Why does digital transformation matter for companies?
For years, digital transformation has been a buzzword in IT circles, and it's expected to play a bigger role in enterprise planning in 2022 than it has in the past. It's easy to grasp why: businesses that embark on a digital transformation journey benefit from increased efficiency, higher productivity, and lower operating costs, among other things.
Digital transformation equips companies to deal with the highs and lows that would otherwise cripple them. The pandemic has proved to be an excellent example of why businesses should not overlook digital transformation.
In 2020, the COVID-19 pandemic changed the way that we shopped, socialized, worked, and played. Supply chains shut down, lockdowns made it difficult to manage staff, and land-based businesses were forced to roll down the shutters and wait for the storm to pass.
The pandemic rendered some businesses completely inactive and forced others to adopt creative solutions in order to operate remotely and keep up with the shift in consumer behavior to digital channels. The businesses that had already embarked on their digital transformation journey were able to adapt more easily than the ones that had not and get ahead of the curve. New technologies allowed them to pivot their focus, fix the supply chain, and ensure that the wheels continued to turn.
Moreover, the companies that have managed to acquire better overall technological capabilities, talent, leadership, and resources, are already showing better economic performance, according to the McKinsey Global Survey on digital strategy. These top performers have already taken more actions than their peers to achieve their technological and transformational objectives, making it increasingly difficult to keep up with them. Furthermore, the survey's findings show that these leading companies are more willing to invest in talent, increase R&D spending, and establish new partnerships, the latter of which is becoming overly important as increasingly, value creation comes from outside the company rather than within.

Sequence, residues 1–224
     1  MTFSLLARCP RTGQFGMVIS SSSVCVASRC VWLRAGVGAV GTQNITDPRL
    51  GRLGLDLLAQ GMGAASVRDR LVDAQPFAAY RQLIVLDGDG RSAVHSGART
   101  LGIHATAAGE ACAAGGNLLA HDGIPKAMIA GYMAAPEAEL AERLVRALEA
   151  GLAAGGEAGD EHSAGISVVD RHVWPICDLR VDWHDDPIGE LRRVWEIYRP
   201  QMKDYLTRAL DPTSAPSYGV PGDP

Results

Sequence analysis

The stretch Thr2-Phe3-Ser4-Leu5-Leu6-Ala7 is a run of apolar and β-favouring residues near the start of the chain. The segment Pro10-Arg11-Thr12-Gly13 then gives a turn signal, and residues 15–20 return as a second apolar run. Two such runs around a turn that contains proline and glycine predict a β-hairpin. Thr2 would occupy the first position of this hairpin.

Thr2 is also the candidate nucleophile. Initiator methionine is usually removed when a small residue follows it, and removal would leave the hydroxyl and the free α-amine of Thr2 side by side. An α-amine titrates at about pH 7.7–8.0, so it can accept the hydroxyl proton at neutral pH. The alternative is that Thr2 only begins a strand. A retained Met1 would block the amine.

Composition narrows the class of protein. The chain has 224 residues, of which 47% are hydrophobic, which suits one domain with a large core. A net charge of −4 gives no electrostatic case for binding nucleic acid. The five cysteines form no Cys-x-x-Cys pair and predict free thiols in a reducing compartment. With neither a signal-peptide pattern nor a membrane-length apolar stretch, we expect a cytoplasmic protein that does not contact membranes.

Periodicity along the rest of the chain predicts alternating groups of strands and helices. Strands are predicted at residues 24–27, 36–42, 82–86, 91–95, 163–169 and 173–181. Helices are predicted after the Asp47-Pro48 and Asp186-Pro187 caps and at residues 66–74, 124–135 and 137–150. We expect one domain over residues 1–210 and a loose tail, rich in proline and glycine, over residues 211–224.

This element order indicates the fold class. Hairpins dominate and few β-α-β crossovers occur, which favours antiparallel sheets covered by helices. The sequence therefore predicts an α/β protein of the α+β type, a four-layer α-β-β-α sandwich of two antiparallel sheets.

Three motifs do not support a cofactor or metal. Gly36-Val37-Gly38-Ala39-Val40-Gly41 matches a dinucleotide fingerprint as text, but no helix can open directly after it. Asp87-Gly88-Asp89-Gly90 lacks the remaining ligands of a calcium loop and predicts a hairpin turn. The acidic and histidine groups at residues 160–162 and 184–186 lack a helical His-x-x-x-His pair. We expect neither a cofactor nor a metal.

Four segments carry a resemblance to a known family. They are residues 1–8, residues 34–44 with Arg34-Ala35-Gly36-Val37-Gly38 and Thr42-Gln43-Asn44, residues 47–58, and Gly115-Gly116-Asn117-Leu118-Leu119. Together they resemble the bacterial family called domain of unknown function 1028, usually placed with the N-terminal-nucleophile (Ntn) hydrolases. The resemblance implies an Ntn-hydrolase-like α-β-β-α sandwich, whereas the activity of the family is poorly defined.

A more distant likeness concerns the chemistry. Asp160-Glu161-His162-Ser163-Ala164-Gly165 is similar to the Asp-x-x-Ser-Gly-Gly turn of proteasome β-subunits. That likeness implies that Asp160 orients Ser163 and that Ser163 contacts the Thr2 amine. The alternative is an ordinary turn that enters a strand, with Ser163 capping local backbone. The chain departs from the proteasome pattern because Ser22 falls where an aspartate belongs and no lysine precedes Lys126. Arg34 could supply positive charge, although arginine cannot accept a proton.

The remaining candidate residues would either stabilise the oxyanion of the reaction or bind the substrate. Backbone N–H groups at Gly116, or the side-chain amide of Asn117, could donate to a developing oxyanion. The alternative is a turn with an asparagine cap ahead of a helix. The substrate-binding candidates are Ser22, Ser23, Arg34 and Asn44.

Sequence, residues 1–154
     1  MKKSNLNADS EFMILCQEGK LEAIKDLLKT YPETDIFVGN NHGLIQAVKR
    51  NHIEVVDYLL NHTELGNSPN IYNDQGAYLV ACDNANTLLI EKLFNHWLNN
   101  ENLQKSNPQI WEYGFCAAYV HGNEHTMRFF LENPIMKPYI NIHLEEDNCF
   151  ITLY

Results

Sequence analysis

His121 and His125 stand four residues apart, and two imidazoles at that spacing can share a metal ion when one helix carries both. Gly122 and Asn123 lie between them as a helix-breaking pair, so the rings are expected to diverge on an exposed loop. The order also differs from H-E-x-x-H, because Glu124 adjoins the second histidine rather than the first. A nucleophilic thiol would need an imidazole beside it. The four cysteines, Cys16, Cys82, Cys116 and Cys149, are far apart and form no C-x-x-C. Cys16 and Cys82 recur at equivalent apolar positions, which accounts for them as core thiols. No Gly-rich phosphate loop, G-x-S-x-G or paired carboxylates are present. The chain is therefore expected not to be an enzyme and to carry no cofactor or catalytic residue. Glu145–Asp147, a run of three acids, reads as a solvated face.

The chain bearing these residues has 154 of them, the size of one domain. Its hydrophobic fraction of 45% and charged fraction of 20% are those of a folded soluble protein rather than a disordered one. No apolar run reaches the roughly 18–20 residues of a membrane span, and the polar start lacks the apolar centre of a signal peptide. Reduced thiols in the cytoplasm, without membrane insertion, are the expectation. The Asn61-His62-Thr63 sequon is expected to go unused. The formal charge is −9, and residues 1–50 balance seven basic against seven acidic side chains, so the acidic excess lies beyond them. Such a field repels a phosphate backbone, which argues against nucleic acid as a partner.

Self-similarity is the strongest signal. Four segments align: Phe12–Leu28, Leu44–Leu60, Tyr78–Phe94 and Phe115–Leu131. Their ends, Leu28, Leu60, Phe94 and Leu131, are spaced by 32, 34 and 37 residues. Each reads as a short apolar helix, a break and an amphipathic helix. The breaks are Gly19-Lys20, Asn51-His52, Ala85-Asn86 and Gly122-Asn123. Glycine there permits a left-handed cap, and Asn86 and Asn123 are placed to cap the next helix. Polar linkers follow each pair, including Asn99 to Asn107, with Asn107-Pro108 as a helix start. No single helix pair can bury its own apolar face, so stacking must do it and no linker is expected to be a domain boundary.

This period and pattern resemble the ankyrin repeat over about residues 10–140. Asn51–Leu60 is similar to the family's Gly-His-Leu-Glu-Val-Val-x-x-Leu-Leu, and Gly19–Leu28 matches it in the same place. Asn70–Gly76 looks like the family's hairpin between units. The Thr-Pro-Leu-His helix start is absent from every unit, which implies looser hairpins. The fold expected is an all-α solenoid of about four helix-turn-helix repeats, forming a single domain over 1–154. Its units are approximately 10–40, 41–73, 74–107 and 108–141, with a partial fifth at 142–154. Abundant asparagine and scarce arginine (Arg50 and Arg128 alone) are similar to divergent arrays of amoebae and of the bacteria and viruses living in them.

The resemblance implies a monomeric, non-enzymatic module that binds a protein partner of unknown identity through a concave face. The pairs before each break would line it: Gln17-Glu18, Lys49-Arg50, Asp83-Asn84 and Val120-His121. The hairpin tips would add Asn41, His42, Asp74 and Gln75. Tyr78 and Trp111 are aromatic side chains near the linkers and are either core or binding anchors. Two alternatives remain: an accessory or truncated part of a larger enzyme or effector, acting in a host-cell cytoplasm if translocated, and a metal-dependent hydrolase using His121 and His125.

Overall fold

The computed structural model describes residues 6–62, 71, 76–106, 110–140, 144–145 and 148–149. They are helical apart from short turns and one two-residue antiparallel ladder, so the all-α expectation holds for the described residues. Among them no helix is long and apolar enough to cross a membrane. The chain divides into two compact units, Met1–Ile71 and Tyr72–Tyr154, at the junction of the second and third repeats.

Digital transformation is currently mostly used to improve the efficiency of existing operations. Of course, digital transformation can and should aid operational efficiency, and this is often the start, but it shouldn't end there. Digital investments can position the company to collaborate at scale with users, developers, and merchants while focusing on value creation. This would allow businesses to go beyond the constraints of using only the resources that they control and instead harness and orchestrate resources that others control.